Thursday, September 29, 2016

Beyond cost-effectiveness analysis

Departures from Cost-Effectiveness Recommendations: The Impact of Health System Constraints on Priority Setting

Cost-effectiveness may be considered a focal point for health economists. However the trip from theory to implementation raises many doubts.  The reductionist perspectives of some health economists, assign a rational decision making by politicians. And this is not the case. I suggest you a look at this article:
The cost-effectiveness model generally used for the evaluation of health technologies—and health care and public health interventions more widely—has become a central tool for public-sector policy makers in many health care systems. It was developed to help decision makers with fixed public resources to compare (1) different interventions for the same health problem and (2) programs in different disease areas. For a particular level of health care resources, the goal is to
choose from among all possible combination of programs the set that maximizes total health benefits produced. The traditional CEA methods presume the existence of only one salient constraint— the public finance budget constraint. Yet all of the evidence suggests that many other constraints impinge on decision makers, at least in the short run.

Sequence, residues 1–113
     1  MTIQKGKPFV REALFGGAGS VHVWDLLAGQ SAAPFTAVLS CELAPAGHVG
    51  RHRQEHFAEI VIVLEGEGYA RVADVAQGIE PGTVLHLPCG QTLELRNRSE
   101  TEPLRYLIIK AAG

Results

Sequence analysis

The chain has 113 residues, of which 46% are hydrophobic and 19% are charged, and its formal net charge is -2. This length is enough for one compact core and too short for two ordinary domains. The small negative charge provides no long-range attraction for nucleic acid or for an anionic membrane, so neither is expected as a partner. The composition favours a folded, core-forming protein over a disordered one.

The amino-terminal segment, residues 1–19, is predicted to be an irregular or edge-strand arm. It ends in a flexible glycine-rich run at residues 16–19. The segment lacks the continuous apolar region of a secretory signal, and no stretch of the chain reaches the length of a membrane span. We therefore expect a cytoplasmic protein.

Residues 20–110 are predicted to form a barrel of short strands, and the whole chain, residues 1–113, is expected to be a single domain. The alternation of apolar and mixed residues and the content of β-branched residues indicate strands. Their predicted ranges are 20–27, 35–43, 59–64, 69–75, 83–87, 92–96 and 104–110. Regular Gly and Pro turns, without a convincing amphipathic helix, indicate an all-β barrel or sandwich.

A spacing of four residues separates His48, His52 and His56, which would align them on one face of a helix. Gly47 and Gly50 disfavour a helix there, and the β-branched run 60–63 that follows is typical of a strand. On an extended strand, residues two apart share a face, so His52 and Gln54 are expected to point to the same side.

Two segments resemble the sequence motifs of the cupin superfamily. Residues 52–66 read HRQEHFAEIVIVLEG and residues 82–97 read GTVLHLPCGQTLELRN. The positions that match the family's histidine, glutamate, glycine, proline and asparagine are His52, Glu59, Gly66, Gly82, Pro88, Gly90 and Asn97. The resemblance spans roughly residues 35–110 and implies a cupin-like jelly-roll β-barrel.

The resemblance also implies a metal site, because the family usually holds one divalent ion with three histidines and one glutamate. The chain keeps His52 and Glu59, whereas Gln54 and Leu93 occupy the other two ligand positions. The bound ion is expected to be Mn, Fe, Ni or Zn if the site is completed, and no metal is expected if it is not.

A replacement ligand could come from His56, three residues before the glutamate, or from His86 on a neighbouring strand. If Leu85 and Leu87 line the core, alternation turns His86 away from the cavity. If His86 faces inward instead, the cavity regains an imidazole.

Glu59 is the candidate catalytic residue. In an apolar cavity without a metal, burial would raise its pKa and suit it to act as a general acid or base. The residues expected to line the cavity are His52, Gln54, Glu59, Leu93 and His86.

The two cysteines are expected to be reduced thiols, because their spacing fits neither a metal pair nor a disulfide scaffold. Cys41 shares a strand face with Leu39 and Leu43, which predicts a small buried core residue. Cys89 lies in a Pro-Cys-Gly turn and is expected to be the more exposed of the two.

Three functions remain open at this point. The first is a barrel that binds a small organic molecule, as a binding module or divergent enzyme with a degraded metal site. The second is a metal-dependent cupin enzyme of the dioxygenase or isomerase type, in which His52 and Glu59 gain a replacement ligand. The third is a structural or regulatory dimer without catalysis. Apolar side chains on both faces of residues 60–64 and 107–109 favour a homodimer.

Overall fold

A fundamental reason for the failure to implement is that CEA assumes a single constraint, in the form of the budget constraint, whereas in reality decision makers may be faced with numerous other constraints. The objective of this article is to develop a typology of constraints that may act as barriers to implementation of cost-effectiveness recommendations. Six categories of constraints are considered: the design of the health system; costs of implementing change; system interactions between interventions; uncertainty in estimates of costs and benefits; weak governance; and political constraints.

There is intelligent life beyond cost-effectiveness...

Wednesday, September 28, 2016

Who sets the cut-off?

The clinical benefits, ethics, and economics of stratified medicine and companion diagnostics

All what you need to know about the implications of stratified medicine, you can get it in one article. That's great. And at the same time worrying or amazing for somebody. You'll see that stratified medicine reduces the size of the market with the use of biomarkers. Than, more accuracy is more costly. However, who sets the cut-off? This is the question. Trusheim and Berndt shed light on the issue: